Pharmacologic correction of paclitaxel induced gene- and myelotoxicity with an extract of the hairy root culture from Scutellaria baicalensis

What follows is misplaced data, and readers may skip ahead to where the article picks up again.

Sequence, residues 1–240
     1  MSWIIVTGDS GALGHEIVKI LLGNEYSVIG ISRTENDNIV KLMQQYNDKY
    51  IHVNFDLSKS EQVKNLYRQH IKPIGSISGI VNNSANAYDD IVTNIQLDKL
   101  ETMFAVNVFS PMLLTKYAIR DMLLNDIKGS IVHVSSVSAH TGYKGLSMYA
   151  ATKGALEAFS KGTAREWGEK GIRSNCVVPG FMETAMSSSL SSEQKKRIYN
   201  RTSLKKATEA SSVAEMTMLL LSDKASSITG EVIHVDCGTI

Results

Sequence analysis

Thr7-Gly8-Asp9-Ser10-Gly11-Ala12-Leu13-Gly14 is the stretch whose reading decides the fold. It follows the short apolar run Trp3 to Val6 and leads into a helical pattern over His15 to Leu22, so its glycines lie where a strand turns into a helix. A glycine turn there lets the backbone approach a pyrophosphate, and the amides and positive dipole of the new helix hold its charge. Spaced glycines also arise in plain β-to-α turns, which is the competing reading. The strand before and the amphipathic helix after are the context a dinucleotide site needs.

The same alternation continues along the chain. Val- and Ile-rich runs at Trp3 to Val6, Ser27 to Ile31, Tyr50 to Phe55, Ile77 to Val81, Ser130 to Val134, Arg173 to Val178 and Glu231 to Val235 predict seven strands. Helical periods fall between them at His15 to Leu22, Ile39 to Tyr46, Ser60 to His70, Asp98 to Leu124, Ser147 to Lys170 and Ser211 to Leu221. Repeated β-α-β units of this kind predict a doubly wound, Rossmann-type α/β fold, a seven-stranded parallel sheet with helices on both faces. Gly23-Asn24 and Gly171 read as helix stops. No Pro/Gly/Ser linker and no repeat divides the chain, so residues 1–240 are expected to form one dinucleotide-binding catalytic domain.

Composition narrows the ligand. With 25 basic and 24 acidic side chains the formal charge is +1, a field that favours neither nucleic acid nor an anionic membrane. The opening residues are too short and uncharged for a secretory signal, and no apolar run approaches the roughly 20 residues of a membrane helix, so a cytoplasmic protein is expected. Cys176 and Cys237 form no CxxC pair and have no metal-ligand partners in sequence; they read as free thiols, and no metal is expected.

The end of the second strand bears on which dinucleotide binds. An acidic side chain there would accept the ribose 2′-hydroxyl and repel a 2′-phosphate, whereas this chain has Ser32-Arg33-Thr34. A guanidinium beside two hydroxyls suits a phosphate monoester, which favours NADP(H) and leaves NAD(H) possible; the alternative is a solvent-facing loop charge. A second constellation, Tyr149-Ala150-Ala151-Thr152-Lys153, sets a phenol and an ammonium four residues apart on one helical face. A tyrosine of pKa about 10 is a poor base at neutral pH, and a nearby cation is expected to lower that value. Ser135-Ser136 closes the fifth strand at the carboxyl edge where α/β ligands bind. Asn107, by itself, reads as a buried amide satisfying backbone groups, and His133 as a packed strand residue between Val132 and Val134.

The purpose of this phase II trial was to investigate the use of paclitaxel and cisplatin in patients with recurrent and/or metastatic head and neck squamous cell carcinoma (HNSCC), to evaluate tumor response, time to progression, survival, and toxicity of this regimen. Patients with recurrent and/or metastatic HNSCC received 175 mg/mq paclitaxel (PTX) administered as a 3-h intravenous infusion on day 1 and 75 mg/mq cisplatin (CDDP) as a 30(') intravenous infusion on day 2; cycles were repeated every 21 days. From February 1997 to February 2000, 36 patients (18 with locoregionally recurrent disease, 8 with deemed inoperable locally advanced disease, and 8 with metastatic disease) with a median age of 60 years (range 38-73 years) were enrolled. The patients evaluable were 34 for toxic effects, length of survival, and tumor response. The overall response was 41.1%, with two (5.8%) complete responders (CR) and 12 (35.3%) partial responders (PR), 10 (29.4%) patients had stable disease and 10 (29.4%) progressed. The median time to progression (TTP) was 5 months (range 1-49 months), and the median overall survival was 11 months (range 1-53 months). The 1-year-, the 2-year-, and the 3-year-survival rate were 38.2, 17.6 and 14.6, respectively. Up to date of the statistical evaluation four patients were still alive. According to the World Health Organization (WHO) criteria, transient G3 neutropenia and anaemia occurred in seven (20.5%) and four (11.7%) patients, respectively. The predominant non-haematologic toxicities were alopecia and fatigue: Twenty-three (67.6%) patients had G3 alopecia, two patients (5.8%) G3 fatigue and 10 (29.4%) G2, eight (23.5%) G2 myalgia, eight (23.5%) G2 nausea/vomiting, and two (5.8%) G2 mucositis. There were no G4 toxicity and any treatment-related death. Paclitaxel plus cisplatin combination is an active regimen with an acceptable safety profile in recurrent/metastatic HNSCC. This regimen, according to our opinion, is a valid alternative to infusional fluorouracil (5FU)/cisplatin. In fact up to date we can confirm, in taxane era, that paclitaxel, as single agent or in combination, produce response rates similar to cisplatin/5FU regimen, but with more manageable toxicity, especially in the subset of patients with 0-1 ECOG-PS and incurable or locoregional recurrent HNSCC, with short outpatient administration too.